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Senate Republican criticizes Trump’s use of ‘hostages’ for Jan. 6 defendants: ‘There is no comparison’

Sen. Joni Ernst (R-Iowa) on Sunday criticized former President Trump’s use of the term “hostages” to describe those imprisoned for actions they took on Jan. 6, 2021.

Asked on NBC News’s “Meet the Press” whether Trump’s use of that language bothers her, Ernst said, “It does in this context because we do have American hostages that are being held against their will all around the globe.”

Ernst pointed specifically to the Oct. 7 attack on Israel, when Hamas killed about 1,200 Israelis and took nearly 250 people as hostages, including some Americans.

“And especially if you look at the innocents that were attacked and kidnapped on October 7, we’re approaching nearly 100 days. These are people that have been taken. They’re held in tunnels with terrorists. They are being tortured. They have been raped. They have been denied medication,” Ernst said.

“So equating the two, there is no comparison,” she added. “Our Americans that are being held overseas — they are innocent. They were there celebrating the high Jewish holidays and were taken by these horrible terrorists. So there is no … equal term. The hostages are hostages.”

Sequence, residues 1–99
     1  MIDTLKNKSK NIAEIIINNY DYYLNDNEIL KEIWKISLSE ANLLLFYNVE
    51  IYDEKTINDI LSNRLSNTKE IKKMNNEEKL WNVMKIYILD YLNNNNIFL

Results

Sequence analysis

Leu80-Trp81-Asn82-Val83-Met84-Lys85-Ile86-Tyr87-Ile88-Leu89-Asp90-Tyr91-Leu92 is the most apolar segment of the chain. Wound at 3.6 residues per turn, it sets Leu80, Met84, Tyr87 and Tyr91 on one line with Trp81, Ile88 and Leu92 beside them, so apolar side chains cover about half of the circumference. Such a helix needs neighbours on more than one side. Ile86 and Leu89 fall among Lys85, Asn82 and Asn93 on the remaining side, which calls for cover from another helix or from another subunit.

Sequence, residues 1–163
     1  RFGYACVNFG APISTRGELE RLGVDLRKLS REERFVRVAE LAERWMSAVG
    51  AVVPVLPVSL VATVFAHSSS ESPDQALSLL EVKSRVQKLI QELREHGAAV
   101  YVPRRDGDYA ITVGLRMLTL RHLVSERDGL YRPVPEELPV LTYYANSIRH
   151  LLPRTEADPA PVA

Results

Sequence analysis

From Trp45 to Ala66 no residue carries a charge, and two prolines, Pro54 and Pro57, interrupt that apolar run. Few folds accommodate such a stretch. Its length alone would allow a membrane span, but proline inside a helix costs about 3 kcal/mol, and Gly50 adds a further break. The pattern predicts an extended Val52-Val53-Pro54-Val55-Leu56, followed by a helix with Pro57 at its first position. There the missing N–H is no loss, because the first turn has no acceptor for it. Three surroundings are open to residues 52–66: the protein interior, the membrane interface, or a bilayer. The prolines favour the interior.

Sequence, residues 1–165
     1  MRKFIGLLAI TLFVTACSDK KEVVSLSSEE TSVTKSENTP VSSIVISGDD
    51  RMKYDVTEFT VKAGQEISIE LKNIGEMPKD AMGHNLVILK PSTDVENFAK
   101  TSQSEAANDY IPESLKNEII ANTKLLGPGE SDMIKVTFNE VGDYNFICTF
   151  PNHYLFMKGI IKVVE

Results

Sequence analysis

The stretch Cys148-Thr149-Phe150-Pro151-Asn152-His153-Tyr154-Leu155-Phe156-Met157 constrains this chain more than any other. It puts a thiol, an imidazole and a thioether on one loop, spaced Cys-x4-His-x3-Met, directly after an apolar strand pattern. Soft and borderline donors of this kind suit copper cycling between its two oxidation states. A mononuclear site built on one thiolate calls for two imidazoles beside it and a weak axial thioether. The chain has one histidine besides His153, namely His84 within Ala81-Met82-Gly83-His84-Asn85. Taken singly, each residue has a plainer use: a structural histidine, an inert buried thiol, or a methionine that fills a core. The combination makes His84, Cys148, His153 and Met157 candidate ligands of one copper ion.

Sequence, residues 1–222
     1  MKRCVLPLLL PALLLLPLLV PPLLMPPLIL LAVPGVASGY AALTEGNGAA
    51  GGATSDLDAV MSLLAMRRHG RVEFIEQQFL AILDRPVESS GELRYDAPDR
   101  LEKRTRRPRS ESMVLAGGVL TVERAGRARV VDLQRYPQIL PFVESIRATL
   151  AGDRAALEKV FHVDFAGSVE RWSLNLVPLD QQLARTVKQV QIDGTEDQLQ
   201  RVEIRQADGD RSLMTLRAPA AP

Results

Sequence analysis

Trump, the GOP front-runner for president in 2024, has used the term “hostages” to refer to those jailed for actions taken in relation to the deadly attack on the U.S. Capitol on Jan. 6, 2021.

In just one example, Trump was applauded at a middle school in Clinton, Iowa, recently when he called for President Biden to release the “hostages.”

“They ought to release the J6 hostages,” Trump said. “I call them hostages. Some people call them prisoners. I call them hostages. Release the J6 hostages, Joe. Release them, Joe. You could do it real easy, Joe.”

Ernst urged Trump to speak with the families of the hostages held in Gaza before using that language.

“I would certainly, you know, ask to speak to any of their families and see the anguish and the pain of not knowing whether their loved ones are alive or dead. There is a very clear difference,” she said.

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